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Foreigner founds 'Hutong School' to teach Chinese culture

By Li Yanhong and Du Yunzhu (China Education Daily)

08:12, May 23, 2012

Edited and translated by People's Daily Online

"Walk out from Exit C of the Beixinqiao Station of Subway Line 5, go on walking about 70 meters along the lane, and then turn right at the small shop. You will find the 'Hutong' beside the public toilet," Mark said with fluent Chinese on the phone, occasionally using several English words. Mark, 36, is from Australia and has lived in Beijing for nearly 10 years. Between 2007 and 2008, he founded the "Hutong" culture exchange center to teach foreign visitors how to cook Chinese meals, sip Chinese tea and understand Chinese culture. People affectionately called the exchange center the "Hutong School".

In the eyes of Mark, his identity as a foreigner is the greatest advantage for him to open the "Hutong School" because he knows what most foreigners are interested in and he believes that his unique perspective can attract the eyes of foreigners. He said that he can open a window for the foreigners and help them to learn about colorful Chinese culture, and they can go along this direction in the future.

Teachers in the "Hutong School" are not professional cooks because professional cooks always have a lot of rules and requirements, which makes people nervous. In fact, they may not be good teachers, Mark said with a smile. He hopes that guests can learn things while having fun.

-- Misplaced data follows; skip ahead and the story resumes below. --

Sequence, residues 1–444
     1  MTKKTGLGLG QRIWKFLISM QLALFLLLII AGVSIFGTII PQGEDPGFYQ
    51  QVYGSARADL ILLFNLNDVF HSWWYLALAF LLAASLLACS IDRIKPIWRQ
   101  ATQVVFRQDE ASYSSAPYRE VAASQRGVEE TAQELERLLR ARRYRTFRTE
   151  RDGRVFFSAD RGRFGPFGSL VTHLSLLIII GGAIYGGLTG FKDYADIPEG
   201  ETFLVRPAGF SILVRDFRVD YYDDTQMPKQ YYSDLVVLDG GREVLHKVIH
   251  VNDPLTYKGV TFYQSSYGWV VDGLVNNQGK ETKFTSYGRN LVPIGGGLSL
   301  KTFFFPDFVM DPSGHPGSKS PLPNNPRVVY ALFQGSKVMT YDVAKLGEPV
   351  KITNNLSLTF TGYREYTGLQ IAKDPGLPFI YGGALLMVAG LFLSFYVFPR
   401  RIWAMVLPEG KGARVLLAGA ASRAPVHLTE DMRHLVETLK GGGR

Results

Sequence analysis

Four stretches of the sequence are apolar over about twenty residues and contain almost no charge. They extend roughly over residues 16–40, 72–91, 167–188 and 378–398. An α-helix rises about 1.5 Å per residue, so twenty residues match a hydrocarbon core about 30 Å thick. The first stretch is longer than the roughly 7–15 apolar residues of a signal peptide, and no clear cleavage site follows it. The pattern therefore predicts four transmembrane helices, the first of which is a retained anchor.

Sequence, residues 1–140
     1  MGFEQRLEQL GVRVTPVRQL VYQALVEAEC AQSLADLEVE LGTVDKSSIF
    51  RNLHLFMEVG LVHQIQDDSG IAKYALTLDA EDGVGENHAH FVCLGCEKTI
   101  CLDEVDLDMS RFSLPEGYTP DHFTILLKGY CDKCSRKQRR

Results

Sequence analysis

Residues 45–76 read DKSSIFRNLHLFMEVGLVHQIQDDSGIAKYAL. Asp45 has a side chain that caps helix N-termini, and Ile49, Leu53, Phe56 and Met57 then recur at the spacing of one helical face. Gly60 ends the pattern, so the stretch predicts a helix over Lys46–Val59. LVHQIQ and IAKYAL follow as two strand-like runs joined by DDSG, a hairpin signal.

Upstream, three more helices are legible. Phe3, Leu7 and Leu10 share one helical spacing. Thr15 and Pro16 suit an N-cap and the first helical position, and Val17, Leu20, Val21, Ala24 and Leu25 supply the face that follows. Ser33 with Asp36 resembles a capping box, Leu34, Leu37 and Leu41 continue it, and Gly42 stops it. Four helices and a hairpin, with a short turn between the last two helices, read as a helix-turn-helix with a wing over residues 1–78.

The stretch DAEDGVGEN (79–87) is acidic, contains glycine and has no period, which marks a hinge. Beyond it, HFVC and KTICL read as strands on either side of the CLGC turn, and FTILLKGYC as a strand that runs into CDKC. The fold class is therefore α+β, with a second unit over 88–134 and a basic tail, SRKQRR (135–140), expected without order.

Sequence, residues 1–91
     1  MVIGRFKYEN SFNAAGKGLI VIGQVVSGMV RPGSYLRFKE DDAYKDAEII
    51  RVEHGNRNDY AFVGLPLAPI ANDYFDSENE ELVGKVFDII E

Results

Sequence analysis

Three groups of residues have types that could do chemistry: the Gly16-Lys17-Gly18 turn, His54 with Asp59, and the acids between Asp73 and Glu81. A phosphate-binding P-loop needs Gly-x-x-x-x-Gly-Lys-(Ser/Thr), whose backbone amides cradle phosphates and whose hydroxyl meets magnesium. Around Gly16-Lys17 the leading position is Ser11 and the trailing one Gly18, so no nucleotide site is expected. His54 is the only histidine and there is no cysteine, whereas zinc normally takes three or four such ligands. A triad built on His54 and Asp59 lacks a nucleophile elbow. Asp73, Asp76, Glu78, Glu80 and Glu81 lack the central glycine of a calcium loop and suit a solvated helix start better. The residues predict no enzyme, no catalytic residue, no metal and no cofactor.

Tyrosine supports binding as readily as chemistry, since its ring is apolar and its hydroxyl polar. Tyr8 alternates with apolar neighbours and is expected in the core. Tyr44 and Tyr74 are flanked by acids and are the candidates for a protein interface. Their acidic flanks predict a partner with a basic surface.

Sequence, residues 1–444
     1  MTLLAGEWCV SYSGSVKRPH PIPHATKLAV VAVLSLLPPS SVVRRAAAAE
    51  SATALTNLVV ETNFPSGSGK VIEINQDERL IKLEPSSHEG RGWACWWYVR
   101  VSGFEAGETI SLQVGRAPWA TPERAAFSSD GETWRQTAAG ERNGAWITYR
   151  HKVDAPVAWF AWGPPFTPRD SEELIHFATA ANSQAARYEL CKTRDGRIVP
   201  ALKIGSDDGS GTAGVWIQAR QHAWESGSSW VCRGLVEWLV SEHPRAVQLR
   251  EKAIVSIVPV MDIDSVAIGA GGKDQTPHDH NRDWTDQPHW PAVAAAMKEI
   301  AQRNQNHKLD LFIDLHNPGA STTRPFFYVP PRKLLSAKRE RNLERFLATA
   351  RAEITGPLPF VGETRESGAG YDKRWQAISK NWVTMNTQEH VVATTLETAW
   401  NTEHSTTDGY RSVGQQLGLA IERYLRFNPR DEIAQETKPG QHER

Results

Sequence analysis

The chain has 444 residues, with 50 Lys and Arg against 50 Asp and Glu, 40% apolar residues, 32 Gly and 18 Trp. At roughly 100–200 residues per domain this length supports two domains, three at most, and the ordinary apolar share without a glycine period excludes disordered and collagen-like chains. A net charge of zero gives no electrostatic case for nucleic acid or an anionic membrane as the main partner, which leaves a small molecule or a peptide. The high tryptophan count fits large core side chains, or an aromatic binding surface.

Many foreign guests want to learn how to cook Chinese meals. Therefore, Mark made an innovation on the contents and forms in accordance with different characteristics. For example, in order to become more interesting, the fillings of dumplings can be anything including chocolates, bananas and cheeses. Moreover, different vegetable juices such as spinach juice and carrot juice are added into the flour, making into colorful dumplings.

How to sip Chinese tea is also the distinctive lesson in the "Hutong School." Considering that foreigners may not be adapted to the taste of Chinese tea, Mark uses the chocolates as a supplement. Foreigners generally like to eat chocolates. Mark said it must be very interesting if they eat different flavors of chocolates when they drink different teas. Mark believed that this style of drinking tea seems not harmonious but it really can stimulate foreigners' interests of knowing about Chinese tea culture.

Read the Chinese version: 老外办“胡同学校”探中国文化

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